Slowly, ever so slowly, I sense progress, a hint of moving forward in rebuilding house and life. Picking up my mail this week, I decide to peek inside the house to see if anything has changed recently. There had been a week’s pause in work due to a disagreement with one of the city inspectors. He insisted that he needed to check all the duct work though he had told my contractor it was fine to move forward with the dry wall. My contractor Mark was, understandably, not happy about this and reminded him, in vain, of his past approval. This would mean tearing down some of the dry wall to check ducts and then putting it up again, so Mark decided that he would bring in the inspector’s supervisor to discuss the issue. Hence the delay. Luckily, the supervisor sided with my contractor, so work could recommence. The walls are now covered with bright white patches to seal nails and seams. Scaffolding had been set up to reach those lovely yet inaccessible cathedral ceilings. The house appears to have a strange case of white measles, but I know the spots are the cure not the disease.
Life is also moving forward for both my son and daughter. There were a couple of challenging weeks dealing with the glitches that always seem to threaten a smooth beginning to the school year. Jacob found himself running around to various college offices to handle bureaucratic mishaps and the red tape that so easily tangles and frustrates even the most patient of people, which he is not. Nevertheless, after first complaining and then consulting his dad and me, he managed to take care of everything. This shows enormous progress from just a few months ago when panic attacks prevented him from doing anything. He also likes the co-op he’s living in, the same one I lived in 30 years ago, and has settled into his first full-time semester in nine months. The other day he spent many hours volunteering to help with the fire relief for those who’ve lost much more than we did in the recent fires outside of Austin. I can’t say that I’ve totally relaxed my concern about his depression issues, but I am beginning to breathe a bit easier.
Sarah likes her new dorm arrangement – four small private rooms for each person with a kitchenette and sitting area in common – and after some delays, has managed to get all her textbooks from various vendors without me taking out a second mortgage. She, too, ran into some glitches, mostly because of the budget cuts at her college. She did not get work-study and thus, her old job back. Since she doesn’t have a car, she worried about finding an on-campus job on her small campus. I wasn’t nearly as worried about her and felt confident she’d find something. She’s a good problem solver, which is probably why she does so well in science. Sure enough, during our first skype call she told me that she would be a teaching assistant to help beginning physics students. This is the advantage to a small college; there are a lot more opportunities for undergraduates.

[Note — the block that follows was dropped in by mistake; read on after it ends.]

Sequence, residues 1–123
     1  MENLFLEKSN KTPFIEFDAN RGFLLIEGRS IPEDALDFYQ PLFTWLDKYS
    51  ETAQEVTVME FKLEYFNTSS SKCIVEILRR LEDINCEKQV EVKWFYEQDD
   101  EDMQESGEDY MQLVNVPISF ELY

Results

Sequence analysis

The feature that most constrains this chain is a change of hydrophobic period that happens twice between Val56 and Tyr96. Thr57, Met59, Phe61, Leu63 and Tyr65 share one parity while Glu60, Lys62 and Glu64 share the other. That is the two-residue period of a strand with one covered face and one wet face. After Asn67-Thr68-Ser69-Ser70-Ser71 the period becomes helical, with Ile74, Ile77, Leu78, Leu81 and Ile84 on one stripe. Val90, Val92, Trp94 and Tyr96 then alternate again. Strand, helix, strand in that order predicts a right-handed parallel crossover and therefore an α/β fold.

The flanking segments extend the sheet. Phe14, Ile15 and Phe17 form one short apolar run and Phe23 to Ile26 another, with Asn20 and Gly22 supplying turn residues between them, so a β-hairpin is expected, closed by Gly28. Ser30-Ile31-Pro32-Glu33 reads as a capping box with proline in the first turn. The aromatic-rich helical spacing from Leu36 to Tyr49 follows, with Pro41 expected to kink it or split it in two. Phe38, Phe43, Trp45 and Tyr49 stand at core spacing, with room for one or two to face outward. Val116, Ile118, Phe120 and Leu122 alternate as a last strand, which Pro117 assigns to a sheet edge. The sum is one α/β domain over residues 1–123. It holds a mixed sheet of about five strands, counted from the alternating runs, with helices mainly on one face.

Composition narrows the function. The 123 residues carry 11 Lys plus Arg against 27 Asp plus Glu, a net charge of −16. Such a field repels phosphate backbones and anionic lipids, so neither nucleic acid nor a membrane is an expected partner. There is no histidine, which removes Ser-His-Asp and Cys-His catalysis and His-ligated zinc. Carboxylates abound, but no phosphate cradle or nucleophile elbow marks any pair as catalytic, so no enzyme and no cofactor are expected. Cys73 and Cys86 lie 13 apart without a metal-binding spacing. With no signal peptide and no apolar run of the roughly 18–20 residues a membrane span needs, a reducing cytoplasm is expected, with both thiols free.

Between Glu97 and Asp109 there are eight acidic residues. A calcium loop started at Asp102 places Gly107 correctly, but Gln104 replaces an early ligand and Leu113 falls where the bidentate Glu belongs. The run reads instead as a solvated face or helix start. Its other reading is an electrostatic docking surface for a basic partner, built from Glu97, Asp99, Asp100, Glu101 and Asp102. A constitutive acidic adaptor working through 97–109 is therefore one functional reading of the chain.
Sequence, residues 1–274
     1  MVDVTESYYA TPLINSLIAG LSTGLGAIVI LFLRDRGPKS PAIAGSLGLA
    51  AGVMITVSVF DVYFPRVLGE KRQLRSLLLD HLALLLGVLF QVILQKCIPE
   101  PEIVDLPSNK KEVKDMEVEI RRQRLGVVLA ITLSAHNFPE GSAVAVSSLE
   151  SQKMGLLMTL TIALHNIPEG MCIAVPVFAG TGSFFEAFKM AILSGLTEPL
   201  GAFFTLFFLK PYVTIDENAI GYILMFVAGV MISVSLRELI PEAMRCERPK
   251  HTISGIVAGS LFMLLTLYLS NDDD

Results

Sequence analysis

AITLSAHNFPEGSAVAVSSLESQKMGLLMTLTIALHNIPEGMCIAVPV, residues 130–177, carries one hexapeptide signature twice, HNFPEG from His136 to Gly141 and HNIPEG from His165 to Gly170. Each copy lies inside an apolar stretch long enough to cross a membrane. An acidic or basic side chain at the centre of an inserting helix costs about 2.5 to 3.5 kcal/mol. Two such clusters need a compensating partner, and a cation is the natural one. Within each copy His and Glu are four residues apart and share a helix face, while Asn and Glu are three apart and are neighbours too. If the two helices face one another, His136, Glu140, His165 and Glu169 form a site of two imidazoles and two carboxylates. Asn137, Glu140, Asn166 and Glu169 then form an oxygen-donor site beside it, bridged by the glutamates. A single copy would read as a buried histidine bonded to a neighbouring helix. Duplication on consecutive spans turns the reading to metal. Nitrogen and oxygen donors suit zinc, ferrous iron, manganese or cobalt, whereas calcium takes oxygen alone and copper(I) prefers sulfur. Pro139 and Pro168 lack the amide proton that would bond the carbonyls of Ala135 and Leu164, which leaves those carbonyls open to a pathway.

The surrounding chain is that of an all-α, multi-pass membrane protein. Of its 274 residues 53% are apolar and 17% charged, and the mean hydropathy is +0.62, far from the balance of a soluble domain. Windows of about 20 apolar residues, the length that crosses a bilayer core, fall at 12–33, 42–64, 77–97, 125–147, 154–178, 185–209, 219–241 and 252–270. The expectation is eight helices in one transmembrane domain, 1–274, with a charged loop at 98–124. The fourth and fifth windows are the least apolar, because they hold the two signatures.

It’s looking more and more realistic that I’ll get back to my house in the next four weeks or so. Even more importantly, the insurance appraiser and I have finalized (for now) the lengthy spreadsheet listing my lost personal property. A check is on the way. Of course, this first check is for the depreciated values, but as soon as I start replacing items, I can send in the receipts for replacement costs. I’ll be heading back to the furniture stores soon! I’ve even started browsing the real estate websites, checking out potential houses to begin my search once again. Things are looking up. I can see the light at the end of the proverbial tunnel.